This is the second novel to feature Captain Alexei Korolev, the first being The Holy Thief. Set in 1937, The Bloody Meadow of the title is the name of a film being shot in the Ukraine. When Maria Lenskaya, a beautiful young woman working as a production assistant on the film, is found dead, Korolev is dispatched from Moscow to discover the truth about her apparent suicide. After his involvement in a serious investigation assisting the NKVD, the state security service, the previous year, he had been hoping 'to keep well clear of anything connected with the Chekists until they forgot he'd ever existed'. However, he finds himself back assisting them again with this case in Odessa, a case in which no less than the head of the NKVD, Commissar Ezhov, has a particular interest.
The film's storyline is required to convey the correct message, namely loyalty to the State and the Party, and deviation from this will bring trouble for the director and the production team. The writer Babel, whom Korolev befriended in The Holy Thief, makes a reappearance here assisting with the film. Korolev teams up with a new assistant in the Ukraine, Sergeant Slivka, a junior detective from Odessa, who proves to be a good match for him as they make their way through questioning everyone on set and staying in the former grand country house, a 'remnant of a bygone age' that is now an agricultural college, and where many of the film crew have temporarily based themselves.
As we first saw in The Holy Thief, Korolev still has mixed feelings about his country and the direction it is going in. On the one hand, 'he felt a surge of pride that he was fortunate enough to be a Soviet citizen, living in the capital of a country that was leading the world by example.' On the other hand, he sees the fear in people all around him, and he personally also still has 'allegiances to individuals and beliefs that would put him at risk if they ever came to light.'
The citizens are always on their guard, cautious about what they say, so fearful of potential consequences under Stalin's rule. Instead, as Korolev observes, '...much of a Soviet citizen's conversation these days involved the unsaid, the oblique and euphemistic. Some intellectual would no doubt make a study, in due course, of the ability of Soviet citizens to communicate without saying quite what they meant.'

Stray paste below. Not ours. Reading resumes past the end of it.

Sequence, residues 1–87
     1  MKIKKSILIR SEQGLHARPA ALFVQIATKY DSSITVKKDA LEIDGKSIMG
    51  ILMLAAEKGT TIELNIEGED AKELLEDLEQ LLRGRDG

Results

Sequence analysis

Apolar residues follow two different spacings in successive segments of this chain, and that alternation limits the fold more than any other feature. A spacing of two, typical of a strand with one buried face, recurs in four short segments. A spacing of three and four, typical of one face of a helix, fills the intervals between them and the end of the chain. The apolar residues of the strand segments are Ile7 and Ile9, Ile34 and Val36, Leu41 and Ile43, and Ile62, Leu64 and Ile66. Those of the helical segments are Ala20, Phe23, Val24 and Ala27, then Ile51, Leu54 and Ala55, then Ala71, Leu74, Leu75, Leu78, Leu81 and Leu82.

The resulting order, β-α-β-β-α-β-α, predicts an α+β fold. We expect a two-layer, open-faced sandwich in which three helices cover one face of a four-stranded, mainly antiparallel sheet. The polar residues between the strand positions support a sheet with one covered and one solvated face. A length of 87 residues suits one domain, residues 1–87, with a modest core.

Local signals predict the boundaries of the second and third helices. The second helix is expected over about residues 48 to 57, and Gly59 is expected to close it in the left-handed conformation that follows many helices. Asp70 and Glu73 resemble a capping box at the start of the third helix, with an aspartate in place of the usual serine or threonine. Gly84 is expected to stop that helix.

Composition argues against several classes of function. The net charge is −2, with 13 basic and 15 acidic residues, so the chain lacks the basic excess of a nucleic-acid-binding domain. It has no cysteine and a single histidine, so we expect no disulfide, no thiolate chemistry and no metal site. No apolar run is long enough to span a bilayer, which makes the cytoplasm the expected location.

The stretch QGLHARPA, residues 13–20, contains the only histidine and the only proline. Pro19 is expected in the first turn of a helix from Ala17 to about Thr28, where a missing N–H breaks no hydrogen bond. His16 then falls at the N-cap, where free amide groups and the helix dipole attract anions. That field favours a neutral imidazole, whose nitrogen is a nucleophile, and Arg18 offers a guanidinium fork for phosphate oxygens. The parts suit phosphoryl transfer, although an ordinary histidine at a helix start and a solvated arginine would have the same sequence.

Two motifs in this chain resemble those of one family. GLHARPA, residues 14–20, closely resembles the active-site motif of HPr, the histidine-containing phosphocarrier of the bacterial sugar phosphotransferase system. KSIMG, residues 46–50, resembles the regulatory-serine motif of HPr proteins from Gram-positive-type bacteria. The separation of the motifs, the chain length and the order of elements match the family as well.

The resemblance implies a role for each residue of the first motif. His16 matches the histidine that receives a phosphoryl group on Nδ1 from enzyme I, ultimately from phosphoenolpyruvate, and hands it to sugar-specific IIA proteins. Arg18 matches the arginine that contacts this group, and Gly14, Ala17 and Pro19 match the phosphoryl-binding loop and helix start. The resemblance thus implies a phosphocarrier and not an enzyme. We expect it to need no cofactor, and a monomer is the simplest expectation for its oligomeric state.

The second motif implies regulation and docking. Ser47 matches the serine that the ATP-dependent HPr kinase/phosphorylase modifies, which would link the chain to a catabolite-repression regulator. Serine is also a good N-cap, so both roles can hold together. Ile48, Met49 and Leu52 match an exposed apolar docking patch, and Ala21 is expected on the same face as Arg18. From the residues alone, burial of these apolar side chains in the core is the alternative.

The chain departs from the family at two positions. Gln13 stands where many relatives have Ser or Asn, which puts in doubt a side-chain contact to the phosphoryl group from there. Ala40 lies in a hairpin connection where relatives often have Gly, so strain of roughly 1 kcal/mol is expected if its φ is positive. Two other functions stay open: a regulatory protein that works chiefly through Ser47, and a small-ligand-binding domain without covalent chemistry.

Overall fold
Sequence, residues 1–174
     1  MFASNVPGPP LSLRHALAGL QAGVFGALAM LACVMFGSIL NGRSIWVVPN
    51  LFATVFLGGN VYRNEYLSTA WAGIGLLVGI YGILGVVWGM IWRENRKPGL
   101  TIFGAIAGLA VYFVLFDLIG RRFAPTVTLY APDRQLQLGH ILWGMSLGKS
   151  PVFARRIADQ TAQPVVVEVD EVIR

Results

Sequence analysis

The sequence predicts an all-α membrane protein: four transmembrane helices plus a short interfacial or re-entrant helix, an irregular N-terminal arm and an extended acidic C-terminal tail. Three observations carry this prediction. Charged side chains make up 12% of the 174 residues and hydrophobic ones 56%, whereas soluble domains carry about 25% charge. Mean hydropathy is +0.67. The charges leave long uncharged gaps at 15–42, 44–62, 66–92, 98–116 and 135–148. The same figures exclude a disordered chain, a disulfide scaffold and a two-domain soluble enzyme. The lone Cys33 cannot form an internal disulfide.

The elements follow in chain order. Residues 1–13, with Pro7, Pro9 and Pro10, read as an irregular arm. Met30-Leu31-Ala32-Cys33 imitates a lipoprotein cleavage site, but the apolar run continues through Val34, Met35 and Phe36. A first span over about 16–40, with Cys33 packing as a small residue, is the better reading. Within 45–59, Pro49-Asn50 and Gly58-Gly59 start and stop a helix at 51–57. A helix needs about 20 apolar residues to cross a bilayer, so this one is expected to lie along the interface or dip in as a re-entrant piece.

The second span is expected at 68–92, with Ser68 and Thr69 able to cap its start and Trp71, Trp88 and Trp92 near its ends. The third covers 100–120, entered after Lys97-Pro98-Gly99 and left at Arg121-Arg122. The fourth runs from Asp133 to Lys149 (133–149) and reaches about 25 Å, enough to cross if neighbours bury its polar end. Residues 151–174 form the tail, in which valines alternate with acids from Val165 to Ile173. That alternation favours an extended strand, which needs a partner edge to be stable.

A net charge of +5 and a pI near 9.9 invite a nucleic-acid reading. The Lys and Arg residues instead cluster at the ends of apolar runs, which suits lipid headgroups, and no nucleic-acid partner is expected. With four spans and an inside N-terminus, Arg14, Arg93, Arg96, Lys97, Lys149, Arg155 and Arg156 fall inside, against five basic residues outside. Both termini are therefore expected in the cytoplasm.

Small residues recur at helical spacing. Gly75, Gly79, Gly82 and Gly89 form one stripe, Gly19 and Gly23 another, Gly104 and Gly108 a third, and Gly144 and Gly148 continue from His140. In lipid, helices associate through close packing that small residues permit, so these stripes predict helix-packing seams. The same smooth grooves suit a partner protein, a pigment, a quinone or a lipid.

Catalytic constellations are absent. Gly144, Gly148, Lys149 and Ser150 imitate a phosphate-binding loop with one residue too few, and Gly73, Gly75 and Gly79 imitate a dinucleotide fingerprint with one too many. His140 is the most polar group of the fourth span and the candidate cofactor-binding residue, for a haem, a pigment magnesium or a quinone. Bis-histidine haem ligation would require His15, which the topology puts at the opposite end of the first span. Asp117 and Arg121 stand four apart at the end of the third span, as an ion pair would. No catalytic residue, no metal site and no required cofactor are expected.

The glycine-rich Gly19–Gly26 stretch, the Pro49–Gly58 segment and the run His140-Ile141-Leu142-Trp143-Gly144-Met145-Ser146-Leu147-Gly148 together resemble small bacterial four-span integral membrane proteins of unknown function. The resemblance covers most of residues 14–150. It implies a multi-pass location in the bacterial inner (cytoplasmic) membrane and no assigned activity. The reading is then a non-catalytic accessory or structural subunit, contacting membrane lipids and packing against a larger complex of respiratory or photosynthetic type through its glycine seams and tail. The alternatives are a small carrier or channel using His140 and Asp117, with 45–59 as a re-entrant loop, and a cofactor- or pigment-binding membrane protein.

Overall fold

This intelligent historical mystery had me gripped throughout the time I was reading it. It is well plotted and evokes the atmosphere of the times vividly, conveying to us a sense of the horror that was inflicted on the Ukraine through Korolev's eyes as he arrives there. The historical background is convincing and the scene is always set for us, but this detail never overshadows the intriguing characters or the strong mystery plot. Korolev is a very likeable lead character; it's easy to get behind him and will him to succeed in his investigation despite the many obstacles that are strewn in his path as people are so reluctant or fearful of divulging the truth. I feel his character grows in this book, as we learn more about the man. He has a constant struggle to try and remain first and foremost an honest man, doing his duty, whilst trusting in the Party to bring about a better future, and yet secretly maintaining his religious beliefs. Korolev is determined to find the real culprit here and not be satisfied, as he knows some amongst his colleagues are, to simply make an arrest. As he says of his investigative style; 'I just shake the tree till all the apples come down, then work out which one is the rotten one. I don't presume it's the first that falls into my lap.'
As more secrets are uncovered, the layers of the mystery deepen and the plot builds to a thrilling finish in Odessa. I enjoyed this story as much as, if not more than, The Holy Thief. I am really looking forward to reading the next offering from this author and to catching up with Captain Korolev once again.
You can visit the author's website here to find a lot of further information about the background to Korolev's world including some fascinating photographs, and you can also follow the author on twitter @WilliamRyan_
Published by Pan on 15 March 2012 in paperback and e-book editions - available now.